Many currently believe that US domestic entitlements are too large, but disregard the fact that the PEPFAR program has created a new class of moral entitlements overseas – in the form of 4 million and counting people receiving US-supported life-sustaining AIDS treatment in low and middle income countries around the world. Of course, the approximately $2.7 billion that the US spent in 2011 (53% of the $5.3B 2011 budget) on supporting the treatment of these people is only about two-tenths of a per cent of the US’s annual expenditure on Socia
CGD Policy Blogs
Around this time last year, world leaders called for “the beginning of the end of AIDS” and an “AIDS-free generation”, and committed to reaching the ambitious disease-specific targets for HIV/AIDS: the virtual elimination of mother-to-child transmission; 15 million people on treatment and a reduction in new adult and adolescent HIV infections — all by a rapidly approaching 2015. And this year, US Secretary of State Hillary Clinton recommitted to these ambitious goals in the release of the PEPFAR Blueprint, saying “An AIDS-free generation is not just a rallying cry — it is a goal that is within our reach”. While the overarching World AIDS Day message remains clear – we have made tremendous progress thus far, and there is still a long way to go in the fight against AIDS – one question remains: is this really the beginning of the end of AIDS?
The US government spends about $6.4 billion a year on preventing and treating HIV/AIDS in the developing world, and 4.5 million AIDS patients depend mostly on US generosity each day for the AIDS medicines that keep them alive.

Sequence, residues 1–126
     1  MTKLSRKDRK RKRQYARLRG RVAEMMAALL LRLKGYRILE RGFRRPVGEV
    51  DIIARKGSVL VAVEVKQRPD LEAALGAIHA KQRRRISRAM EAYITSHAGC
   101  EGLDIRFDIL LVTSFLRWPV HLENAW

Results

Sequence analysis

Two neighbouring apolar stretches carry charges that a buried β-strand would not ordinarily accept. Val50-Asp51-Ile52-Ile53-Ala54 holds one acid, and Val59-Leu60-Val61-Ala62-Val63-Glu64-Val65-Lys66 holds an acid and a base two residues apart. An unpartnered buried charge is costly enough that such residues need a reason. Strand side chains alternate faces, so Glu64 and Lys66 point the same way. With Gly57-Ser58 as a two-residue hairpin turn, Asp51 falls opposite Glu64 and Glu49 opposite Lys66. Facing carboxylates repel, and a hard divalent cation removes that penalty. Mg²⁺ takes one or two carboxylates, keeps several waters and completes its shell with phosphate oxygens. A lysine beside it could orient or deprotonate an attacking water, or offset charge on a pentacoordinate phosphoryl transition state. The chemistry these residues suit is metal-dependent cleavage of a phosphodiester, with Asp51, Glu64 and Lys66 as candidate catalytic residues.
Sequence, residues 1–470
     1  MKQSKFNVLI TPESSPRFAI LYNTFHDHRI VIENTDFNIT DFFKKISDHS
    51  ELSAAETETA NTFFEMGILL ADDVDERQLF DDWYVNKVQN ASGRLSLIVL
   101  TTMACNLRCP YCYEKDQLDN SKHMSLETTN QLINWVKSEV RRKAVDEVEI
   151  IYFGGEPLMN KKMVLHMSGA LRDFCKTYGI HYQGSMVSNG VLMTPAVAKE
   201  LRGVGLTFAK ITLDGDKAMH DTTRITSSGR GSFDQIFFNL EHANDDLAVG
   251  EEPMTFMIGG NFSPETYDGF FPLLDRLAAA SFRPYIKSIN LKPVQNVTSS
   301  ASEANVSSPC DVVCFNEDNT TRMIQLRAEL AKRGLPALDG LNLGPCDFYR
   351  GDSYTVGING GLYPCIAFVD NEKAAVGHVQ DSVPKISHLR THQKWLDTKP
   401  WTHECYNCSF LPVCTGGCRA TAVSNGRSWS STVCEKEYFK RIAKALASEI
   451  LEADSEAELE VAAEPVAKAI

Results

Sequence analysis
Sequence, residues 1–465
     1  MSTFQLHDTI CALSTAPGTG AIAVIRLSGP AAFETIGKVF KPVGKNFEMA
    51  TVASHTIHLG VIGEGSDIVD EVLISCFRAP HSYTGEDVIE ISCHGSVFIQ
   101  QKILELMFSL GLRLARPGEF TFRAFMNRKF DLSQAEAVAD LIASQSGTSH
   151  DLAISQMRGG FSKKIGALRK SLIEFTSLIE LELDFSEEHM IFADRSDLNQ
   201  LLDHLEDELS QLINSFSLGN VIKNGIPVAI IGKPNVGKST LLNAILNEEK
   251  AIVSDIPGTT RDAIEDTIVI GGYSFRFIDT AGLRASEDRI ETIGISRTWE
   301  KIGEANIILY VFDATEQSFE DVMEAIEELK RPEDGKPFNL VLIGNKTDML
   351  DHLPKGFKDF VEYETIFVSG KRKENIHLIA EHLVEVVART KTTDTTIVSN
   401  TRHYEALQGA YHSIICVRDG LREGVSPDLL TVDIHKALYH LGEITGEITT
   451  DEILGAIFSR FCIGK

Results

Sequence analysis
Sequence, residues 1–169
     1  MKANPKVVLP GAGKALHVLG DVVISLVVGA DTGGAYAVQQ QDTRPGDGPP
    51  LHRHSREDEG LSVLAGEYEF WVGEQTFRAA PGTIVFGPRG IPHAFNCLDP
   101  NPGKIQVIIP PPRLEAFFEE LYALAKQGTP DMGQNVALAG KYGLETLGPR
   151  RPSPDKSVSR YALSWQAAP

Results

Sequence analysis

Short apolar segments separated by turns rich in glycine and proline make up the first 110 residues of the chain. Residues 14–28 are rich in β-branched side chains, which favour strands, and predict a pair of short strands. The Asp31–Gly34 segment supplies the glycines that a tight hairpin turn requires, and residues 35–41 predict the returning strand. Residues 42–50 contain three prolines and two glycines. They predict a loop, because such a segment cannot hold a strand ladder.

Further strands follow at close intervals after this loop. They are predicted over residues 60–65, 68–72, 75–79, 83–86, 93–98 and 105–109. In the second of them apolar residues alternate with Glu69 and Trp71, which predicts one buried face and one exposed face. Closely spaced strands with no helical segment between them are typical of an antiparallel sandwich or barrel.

Although President Obama will be plenty busy during the remainder of his first term working with Congress to avoid the fiscal cliff, he need not wait until the start of his second term to further his vision for making US policy more supportive of global poverty reduction.
Happy November 7! The election is over and…things pretty much look the same way they did before. While I don’t expect the political gridlock in Washington to abate much over the next years, global health fortunately remains one of the few areas of bipartisan consensus in US policy. When dollar values are taken out of the equation, most policy makers can agree that saving lives of mothers, children and families from preventable, treatable diseases reflects American values and contributes to a safer, healthier world. Here are five things that should be at the top of the President’s global health agenda for the next four years.